One can't simply declare that those shifted expectations should be disregarded because they emerge from technology. On the other hand, the technology cannot be the tip of the tail that wags the dog, or forcibly re-prioritize the perceived challenges. Underneath everything ought to be enduring matters, whose format may have changed with the technology (and demographic elements), but whose gravity and persistence remains the same. And sometimes, there are things that never have, and never will change, like the power of simply saying "Thank you" to people, or showing them that something is not so bad as they thought it was, or as difficult as they were afraid it was going to be. Those are enduring challenges to government. If social media can help address those things, that's accomplishing a lot.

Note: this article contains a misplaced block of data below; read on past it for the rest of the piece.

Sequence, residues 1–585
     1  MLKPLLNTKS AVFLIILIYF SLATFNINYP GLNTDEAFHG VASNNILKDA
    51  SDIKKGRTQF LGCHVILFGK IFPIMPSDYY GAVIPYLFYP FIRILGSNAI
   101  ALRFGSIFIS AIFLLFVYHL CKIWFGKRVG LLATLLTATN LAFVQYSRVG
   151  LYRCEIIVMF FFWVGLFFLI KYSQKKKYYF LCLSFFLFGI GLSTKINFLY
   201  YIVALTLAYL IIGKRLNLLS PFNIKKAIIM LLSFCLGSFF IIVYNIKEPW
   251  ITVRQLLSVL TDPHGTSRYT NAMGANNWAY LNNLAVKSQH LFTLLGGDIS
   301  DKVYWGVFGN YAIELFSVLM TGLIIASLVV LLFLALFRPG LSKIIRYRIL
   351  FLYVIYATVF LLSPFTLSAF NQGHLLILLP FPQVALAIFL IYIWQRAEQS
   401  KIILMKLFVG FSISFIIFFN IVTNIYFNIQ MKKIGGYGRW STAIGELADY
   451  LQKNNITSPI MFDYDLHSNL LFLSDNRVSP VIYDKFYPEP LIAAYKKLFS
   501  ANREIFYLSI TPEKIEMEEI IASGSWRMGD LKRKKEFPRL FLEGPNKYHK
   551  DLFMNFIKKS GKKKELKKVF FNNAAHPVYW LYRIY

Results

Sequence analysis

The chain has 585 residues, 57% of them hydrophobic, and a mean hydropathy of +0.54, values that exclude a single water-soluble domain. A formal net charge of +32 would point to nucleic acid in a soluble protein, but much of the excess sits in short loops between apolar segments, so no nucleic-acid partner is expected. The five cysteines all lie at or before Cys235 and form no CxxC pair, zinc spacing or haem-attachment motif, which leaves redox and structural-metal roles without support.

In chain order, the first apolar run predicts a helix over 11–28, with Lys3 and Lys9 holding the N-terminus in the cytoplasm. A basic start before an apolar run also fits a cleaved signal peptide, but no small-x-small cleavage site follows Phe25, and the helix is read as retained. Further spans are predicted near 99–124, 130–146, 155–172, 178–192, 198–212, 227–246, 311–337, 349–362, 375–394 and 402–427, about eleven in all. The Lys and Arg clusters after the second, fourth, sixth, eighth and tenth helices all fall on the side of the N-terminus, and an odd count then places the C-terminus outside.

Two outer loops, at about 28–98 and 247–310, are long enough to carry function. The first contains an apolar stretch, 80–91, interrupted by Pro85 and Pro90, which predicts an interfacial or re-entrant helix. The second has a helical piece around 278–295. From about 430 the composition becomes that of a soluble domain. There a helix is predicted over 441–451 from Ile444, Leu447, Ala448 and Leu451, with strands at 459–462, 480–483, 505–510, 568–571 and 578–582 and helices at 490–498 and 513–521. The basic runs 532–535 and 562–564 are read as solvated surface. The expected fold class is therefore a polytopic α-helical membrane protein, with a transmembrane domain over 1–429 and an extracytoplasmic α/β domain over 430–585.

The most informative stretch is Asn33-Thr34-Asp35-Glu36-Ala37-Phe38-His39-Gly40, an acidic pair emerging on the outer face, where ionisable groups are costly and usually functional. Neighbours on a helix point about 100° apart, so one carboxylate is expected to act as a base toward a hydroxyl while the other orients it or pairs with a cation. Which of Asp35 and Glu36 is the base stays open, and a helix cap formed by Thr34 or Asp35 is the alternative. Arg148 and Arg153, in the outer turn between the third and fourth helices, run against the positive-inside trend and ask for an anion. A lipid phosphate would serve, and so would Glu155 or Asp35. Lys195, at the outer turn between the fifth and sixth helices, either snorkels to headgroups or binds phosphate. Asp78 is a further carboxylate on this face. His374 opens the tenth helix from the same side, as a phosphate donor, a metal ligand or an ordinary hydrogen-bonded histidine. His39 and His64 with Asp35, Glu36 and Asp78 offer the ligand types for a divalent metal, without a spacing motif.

January 24, 2013 at 8:41 pm #175885
Kerry - I like that. If someone comes to a social site and sees that it is dead, that's not good for an agency brand.
January 24, 2013 at 8:47 pm #175883
As a former resident of Victoria, and proud U. Vic. graduate, I bequeath it to you to use in the best of health! Just think of me when you eat cheesecake at Pag's. 🙂
January 24, 2013 at 10:14 pm #175881
The only problem with the abandon-Flickr-for-Facebook analogy is that Flickr is so much more than just a record store. It's a tool that can be used and deployed elsewhere, unlike the walled garden of Facebook.
Just a nit-pick, really. But I would never advocate shutting down a Flickr stream in favor of only posting pix to Facebook if you ever want to do anything else with said pix than just gather Likes.
January 25, 2013 at 2:03 am #175879